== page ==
Liquid phase 3D printing method introduced by Chinese researchers


Scientists at the Beijing Key Laboratory of CryoBiomedical Engineering, part of the Technical Institute of Physics and Chemistry at the Chinese Academy of Sciences, have developed a new conceptual liquid-phase 3D printing method with "ink" consisting of a metal alloy with a melting point slightly above room temperature.

Conventional 3D metal printing is generally restricted to metals with a high melting point (traditionally 300ºC), the process is expensive and rather time consuming. To solve those problems Chinese engineers Lei Wang (Chinese Academy of Sciences) and Jing Liu (Tsinghua University) introduced a new process that is expected to greatly improve issues involved with current 3D printing process.

Wang and Liu explain that liquid phase 3D metal printing allows us to use metals that melt at lower temperatures, cool quickly and allow much faster prototyping. Because the metal melts so much more quickly, much less energy is used. They also state that metals with low melting points, especially the ones that melt at room temperature, have been extensively used in the areas of computer chip cooling, thermal interface materials and microfluidics in recent years.

Typical 3D metal structures made by liquid phase 3D printing method. Image credit: Science China

A four-element alloy was developed and adopted as the printing ink: Bi35In48.6Sn15.9Zn0.4 alloy, which demonstrates the basic working principle of liquid phase 3D printing method. This is a mixture of bismuth, indium, tin and zinc and has a melting temperature of slightly above room temperature. However, the method the researchers conceptualized can also be applied to a number of other alloys. 

As they explained in the research paper, 'these include gallium-, bismuth- and indium-based alloys. Addition of nanoparticles such as copper, silver particles into such metal fluids also offers a method to fabricate functional inks as desired. Besides, combination of metal and nonmetal material together can be adopted to make diverse printing inks.

Image credit: Science China

First, a 3D object is generated as a computer-aided design (CAD) model, and then converted into an STL (STereoLithography) file. The STL file is imported into an open source software program that generates slices of the object as a set of horizontal layers and that generates tool paths for each layer. In the process, syringes are as used printing “nozzles,” which deposit droplets into the cooling fluid.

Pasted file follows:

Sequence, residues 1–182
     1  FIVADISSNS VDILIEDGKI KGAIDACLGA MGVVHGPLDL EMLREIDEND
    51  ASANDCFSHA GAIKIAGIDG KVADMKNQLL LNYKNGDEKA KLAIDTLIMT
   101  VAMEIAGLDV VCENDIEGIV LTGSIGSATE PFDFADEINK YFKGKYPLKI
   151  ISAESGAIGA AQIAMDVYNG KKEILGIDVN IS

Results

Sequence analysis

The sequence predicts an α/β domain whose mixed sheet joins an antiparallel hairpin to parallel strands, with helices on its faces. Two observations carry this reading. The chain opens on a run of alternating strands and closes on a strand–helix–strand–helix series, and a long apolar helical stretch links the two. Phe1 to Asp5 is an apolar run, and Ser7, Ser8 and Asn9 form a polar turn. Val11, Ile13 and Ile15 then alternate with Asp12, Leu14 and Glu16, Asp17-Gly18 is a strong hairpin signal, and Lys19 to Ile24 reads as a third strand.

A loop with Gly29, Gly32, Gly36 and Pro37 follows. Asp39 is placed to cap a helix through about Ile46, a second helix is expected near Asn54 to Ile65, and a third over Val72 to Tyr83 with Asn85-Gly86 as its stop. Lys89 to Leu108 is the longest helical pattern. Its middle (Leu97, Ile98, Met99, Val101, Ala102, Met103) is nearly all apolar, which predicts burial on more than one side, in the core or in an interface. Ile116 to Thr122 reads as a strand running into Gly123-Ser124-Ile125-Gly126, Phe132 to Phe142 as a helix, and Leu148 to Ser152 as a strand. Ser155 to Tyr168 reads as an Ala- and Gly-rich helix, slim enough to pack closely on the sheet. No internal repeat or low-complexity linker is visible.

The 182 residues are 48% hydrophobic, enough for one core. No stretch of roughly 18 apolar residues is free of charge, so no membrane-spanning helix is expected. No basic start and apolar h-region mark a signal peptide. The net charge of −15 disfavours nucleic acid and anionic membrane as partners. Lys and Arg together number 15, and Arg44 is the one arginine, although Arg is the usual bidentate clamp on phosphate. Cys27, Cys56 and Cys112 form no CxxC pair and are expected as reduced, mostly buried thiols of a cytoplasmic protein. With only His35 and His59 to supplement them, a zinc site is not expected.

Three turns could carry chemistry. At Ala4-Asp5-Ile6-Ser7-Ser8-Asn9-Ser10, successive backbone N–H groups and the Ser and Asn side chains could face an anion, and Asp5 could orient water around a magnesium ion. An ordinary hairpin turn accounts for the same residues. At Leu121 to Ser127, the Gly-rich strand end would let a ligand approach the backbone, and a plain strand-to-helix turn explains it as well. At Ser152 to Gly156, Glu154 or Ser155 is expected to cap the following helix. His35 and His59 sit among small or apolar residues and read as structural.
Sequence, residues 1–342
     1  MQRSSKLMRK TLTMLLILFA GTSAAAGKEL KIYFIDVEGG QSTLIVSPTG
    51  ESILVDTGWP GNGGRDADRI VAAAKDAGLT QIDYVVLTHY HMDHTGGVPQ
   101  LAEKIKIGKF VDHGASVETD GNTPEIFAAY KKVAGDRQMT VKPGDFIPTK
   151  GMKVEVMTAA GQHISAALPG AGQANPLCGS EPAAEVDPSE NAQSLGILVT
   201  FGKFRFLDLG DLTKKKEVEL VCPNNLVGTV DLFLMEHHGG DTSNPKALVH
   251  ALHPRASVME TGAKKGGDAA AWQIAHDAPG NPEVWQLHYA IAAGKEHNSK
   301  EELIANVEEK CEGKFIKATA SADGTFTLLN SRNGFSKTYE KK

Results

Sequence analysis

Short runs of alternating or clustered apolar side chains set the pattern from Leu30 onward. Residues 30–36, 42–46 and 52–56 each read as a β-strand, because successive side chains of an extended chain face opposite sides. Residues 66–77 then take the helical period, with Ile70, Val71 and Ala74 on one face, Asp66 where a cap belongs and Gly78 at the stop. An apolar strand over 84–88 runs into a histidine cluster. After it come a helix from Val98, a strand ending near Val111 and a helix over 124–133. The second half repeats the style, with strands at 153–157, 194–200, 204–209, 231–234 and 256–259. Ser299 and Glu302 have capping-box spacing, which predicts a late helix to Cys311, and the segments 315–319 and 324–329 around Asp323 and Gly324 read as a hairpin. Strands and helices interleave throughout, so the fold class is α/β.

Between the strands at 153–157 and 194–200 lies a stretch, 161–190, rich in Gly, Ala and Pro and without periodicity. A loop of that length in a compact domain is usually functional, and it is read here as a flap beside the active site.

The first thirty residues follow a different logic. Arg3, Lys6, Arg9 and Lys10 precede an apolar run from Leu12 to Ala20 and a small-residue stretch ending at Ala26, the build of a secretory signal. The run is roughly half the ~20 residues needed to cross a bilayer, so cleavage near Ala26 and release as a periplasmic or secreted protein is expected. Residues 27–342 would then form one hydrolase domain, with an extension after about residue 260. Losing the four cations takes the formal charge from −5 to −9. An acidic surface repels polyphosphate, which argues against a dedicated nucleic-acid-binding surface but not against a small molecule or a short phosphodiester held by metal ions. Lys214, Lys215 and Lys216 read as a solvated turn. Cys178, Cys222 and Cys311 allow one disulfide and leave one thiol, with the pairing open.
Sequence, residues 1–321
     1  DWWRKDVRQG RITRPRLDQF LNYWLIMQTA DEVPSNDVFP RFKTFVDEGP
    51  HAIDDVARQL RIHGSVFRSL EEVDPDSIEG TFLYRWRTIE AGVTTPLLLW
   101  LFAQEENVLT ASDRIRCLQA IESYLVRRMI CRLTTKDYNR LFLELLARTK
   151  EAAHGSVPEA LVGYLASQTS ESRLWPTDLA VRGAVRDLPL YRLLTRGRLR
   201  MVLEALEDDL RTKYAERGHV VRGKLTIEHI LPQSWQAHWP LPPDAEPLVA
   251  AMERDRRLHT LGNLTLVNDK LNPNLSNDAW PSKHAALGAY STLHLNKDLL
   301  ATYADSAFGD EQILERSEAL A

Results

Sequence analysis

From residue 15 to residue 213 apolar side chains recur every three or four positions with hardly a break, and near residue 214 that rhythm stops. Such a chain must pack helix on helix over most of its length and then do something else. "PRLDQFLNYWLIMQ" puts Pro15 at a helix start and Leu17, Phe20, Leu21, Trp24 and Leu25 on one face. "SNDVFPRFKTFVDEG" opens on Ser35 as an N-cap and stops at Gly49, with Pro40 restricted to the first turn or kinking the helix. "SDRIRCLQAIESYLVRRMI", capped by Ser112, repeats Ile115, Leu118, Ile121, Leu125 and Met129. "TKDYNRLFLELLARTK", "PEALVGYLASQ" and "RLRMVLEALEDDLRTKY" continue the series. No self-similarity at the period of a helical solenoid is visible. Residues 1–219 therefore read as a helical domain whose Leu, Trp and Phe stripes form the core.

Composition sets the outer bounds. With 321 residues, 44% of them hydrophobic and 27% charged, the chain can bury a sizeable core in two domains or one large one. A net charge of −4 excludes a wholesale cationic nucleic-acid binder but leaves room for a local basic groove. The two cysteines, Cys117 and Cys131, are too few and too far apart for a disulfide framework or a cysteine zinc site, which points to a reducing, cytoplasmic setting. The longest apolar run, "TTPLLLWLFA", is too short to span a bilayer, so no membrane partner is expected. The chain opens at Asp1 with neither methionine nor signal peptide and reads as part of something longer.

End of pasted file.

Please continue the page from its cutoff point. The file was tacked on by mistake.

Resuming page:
Upon rapid cooling, the droplets becomes hard and fuse onto each other, over and over, until the complete 3D structure is printed. This method works because the droplets melt easily and can again retain their shape.

Image credit: Science China

There are several advantages of the method over traditional printing methods. It is a faster process and can develop a wider variety of 3D printed bodies, including some unique metal structures like a 3D rotating body or 3D electromechanical systems.

A conductive liquid metal can be used in conjunction with nonmetal materials (e.g. plastic) to form 3D functional devices that include supporting structures and conductive devices. The combination of liquid phase 3D printing and conventional printing can meet all kinds of objectives.

The researchers also described the contours of a liquid phase 3D printer of the future. To optimize the accuracy and speed of 3D printing, they propose adopting a combination of a syringe pump array and a syringe needle array. In this system, the syringe pump array is used to extract the liquid metal solution, while the syringe needle array is deployed to inject the liquid metal ink into the cooling fluid.

The injection needles can be replaced conveniently with others of different sizes to meet various printing objectives. Transforming digital 3D models into printed structures and controlling each needle's injection speed are completed through a computer-implemented process. In this way, 3D metal objects are printed on the bottom of a trough holding the cooling fluid, formed of water, ethanol or other substance.


​Featured image: The schematic diagram of the experimental apparatus. Image credit: Science China


Commenting rules and guidelines

We value the thoughts and opinions of our readers and welcome healthy discussions on our website. In order to maintain a respectful and positive community, we ask that all commenters follow these rules:

  • Treat others with kindness and respect.
  • Stay on topic and contribute to the conversation in a meaningful way.
  • Do not use abusive or hateful language.
  • Do not spam or promote unrelated products or services.
  • Do not post any personal information or content that is illegal, obscene, or otherwise inappropriate.

We reserve the right to remove any comments that violate these rules. By commenting on our website, you agree to abide by these guidelines. Thank you for helping to create a positive and welcoming environment for all.

Leave a reply

Your email address will not be published. Required fields are marked *